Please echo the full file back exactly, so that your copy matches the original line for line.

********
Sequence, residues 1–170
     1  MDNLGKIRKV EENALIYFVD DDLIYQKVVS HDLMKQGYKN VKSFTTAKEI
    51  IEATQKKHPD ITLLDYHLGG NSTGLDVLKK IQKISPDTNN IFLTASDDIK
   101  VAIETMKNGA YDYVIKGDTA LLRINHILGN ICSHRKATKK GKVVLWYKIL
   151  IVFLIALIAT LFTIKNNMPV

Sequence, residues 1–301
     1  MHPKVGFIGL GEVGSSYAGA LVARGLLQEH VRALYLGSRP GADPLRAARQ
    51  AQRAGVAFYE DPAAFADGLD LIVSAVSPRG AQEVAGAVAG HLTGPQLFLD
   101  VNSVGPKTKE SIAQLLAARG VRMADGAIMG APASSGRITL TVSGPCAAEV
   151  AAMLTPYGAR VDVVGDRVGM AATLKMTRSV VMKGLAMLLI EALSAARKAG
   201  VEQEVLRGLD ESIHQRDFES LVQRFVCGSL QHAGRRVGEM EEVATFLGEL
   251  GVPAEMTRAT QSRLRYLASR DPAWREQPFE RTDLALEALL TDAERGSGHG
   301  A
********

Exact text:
Sequence, residues 1–170
     1  MDNLGKIRKV EENALIYFVD DDLIYQKVVS HDLMKQGYKN VKSFTTAKEI
    51  IEATQKKHPD ITLLDYHLGG NSTGLDVLKK IQKISPDTNN IFLTASDDIK
   101  VAIETMKNGA YDYVIKGDTA LLRINHILGN ICSHRKATKK GKVVLWYKIL
   151  IVFLIALIAT LFTIKNNMPV

Sequence, residues 1–301
     1  MHPKVGFIGL GEVGSSYAGA LVARGLLQEH VRALYLGSRP GADPLRAARQ
    51  AQRAGVAFYE DPAAFADGLD LIVSAVSPRG AQEVAGAVAG HLTGPQLFLD
   101  VNSVGPKTKE SIAQLLAARG VRMADGAIMG APASSGRITL TVSGPCAAEV
   151  AAMLTPYGAR VDVVGDRVGM AATLKMTRSV VMKGLAMLLI EALSAARKAG
   201  VEQEVLRGLD ESIHQRDFES LVQRFVCGSL QHAGRRVGEM EEVATFLGEL
   251  GVPAEMTRAT QSRLRYLASR DPAWREQPFE RTDLALEALL TDAERGSGHG
   301  A